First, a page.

This from the UK Independent (via @demuxdispatches): " ... Your identity is manifest in many different ways.” Ears, eyes, foot steps – all can be used to identify people. Even your heartbeat can betray who you are, and it can be detected from a distance without requiring contact with the body.
For those wearing masks or scarves over their faces, there are still plenty of ways computers can identify them. Much of the research has been carried out in the “biometrics tunnel” built in Prof Nixon’s department.
It’s a facility that requires a lot of technical expertise and patience – as Dr Carter tells us: “I’ve spent the last three months tracking down a fault in a cable.”
As I wander down it, eight cameras film my strides from a variety of angles against multicolour backgrounds, allowing electronic silhouettes and a 3D virtual model of my body to be constructed by a computer. The distance between my feet, knees, hips, shoulders and head are measured and the pattern of their motion analysed. Were I suspected of a crime, police would then be able to compare my gait profile to information gathered from CCTV footage of the incident – either eliminating me from their enquiries or encouraging them to delve deeper.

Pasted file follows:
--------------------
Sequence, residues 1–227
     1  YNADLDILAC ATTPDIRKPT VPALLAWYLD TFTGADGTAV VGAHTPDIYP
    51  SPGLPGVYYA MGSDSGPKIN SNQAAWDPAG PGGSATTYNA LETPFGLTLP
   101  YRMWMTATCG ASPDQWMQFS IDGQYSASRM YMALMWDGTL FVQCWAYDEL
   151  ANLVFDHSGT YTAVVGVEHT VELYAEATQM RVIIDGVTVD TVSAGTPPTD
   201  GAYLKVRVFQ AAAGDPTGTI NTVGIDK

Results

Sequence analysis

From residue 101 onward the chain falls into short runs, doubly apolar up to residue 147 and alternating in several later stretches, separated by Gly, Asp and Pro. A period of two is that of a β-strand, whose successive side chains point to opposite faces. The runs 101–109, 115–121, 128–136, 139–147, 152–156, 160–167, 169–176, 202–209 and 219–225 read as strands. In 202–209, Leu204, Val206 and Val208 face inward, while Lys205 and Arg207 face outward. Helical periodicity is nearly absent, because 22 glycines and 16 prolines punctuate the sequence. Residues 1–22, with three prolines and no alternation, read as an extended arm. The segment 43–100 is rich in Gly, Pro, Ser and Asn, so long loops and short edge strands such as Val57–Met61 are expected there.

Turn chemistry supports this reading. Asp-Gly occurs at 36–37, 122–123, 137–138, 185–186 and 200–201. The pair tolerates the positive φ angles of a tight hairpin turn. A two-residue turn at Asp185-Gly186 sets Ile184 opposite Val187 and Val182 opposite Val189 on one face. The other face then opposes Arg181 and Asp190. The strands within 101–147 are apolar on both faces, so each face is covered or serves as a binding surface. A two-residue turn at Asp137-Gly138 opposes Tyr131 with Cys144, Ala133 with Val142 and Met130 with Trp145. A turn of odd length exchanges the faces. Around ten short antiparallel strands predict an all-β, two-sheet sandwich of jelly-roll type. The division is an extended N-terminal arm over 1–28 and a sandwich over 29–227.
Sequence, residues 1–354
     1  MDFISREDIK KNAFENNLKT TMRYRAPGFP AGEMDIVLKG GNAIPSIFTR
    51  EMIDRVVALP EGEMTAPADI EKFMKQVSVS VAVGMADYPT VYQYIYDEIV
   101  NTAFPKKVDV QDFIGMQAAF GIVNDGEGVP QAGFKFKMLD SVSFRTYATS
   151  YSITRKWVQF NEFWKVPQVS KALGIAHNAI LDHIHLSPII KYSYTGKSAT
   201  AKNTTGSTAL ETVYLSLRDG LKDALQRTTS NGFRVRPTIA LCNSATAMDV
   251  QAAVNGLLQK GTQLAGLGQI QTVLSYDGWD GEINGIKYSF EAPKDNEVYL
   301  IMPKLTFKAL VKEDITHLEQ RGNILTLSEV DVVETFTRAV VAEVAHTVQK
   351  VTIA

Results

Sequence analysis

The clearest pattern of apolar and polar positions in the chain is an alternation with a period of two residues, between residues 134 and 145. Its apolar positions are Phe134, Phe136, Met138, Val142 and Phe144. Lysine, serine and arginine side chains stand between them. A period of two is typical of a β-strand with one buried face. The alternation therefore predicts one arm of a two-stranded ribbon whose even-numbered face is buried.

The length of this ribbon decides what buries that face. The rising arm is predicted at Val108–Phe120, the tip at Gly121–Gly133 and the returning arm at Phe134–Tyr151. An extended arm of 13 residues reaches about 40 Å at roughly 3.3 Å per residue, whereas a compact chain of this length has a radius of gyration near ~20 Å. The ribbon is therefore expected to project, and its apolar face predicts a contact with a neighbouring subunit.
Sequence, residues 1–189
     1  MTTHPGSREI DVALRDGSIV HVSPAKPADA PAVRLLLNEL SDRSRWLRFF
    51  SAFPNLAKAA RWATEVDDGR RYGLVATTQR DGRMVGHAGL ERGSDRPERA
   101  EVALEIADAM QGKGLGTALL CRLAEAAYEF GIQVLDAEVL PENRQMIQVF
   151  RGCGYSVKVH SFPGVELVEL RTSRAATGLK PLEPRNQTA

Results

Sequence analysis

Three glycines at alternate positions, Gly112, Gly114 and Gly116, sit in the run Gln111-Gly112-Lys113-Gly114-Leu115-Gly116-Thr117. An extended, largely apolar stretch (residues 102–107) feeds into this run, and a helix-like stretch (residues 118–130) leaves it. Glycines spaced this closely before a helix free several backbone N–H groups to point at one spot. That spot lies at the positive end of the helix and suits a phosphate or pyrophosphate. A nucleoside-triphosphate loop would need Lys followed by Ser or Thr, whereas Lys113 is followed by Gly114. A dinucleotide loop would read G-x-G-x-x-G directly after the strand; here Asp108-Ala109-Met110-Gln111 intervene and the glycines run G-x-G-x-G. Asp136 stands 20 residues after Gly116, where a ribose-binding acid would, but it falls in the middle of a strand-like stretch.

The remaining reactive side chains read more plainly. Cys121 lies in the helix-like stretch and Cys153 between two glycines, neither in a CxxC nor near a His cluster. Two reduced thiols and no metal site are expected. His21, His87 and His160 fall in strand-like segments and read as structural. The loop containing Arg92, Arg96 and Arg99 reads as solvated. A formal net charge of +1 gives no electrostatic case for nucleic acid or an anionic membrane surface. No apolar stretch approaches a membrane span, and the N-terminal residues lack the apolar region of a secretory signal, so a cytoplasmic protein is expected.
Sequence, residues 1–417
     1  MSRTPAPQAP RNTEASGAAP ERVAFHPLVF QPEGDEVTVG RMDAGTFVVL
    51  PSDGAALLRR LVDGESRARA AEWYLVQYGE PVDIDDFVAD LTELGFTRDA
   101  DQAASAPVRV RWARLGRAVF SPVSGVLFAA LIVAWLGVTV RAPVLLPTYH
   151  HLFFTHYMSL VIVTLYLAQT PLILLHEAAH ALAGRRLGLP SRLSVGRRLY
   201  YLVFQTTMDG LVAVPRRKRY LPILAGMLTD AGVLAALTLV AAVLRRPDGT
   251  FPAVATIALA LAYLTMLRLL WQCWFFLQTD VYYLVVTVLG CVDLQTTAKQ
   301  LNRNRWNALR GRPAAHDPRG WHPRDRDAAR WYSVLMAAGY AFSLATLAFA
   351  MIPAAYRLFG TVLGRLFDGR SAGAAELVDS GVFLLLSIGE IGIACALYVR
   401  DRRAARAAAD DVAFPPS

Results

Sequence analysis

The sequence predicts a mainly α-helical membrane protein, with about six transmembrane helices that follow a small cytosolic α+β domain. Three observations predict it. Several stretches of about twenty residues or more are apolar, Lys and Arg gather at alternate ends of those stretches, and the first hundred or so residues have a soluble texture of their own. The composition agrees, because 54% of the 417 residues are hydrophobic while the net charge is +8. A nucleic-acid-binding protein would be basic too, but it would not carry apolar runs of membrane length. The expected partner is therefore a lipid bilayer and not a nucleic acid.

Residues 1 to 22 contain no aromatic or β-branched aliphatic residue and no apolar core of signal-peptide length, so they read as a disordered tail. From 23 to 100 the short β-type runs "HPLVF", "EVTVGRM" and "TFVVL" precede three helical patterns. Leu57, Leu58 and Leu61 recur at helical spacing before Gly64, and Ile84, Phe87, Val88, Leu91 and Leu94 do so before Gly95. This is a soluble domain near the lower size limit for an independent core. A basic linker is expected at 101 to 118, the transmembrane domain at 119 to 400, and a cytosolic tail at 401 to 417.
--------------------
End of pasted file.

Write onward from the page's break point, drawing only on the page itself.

“We helped in a conviction of a bagsnatcher who robbed somebody,” says Prof Nixon. “He’d covered up his face with a motorbike helmet, that withheld his DNA, as there was no spit or breath. He wore gloves, so there were no fingerprints left – everything was covered up. But he still ran. We used images of him and presented images to the judge.”
Some of the work in the new centre will go into online identification. Keystroke analysis, looking at the minute differences in timings and patterns between different computer users’ typing mannerisms, is under development ..."
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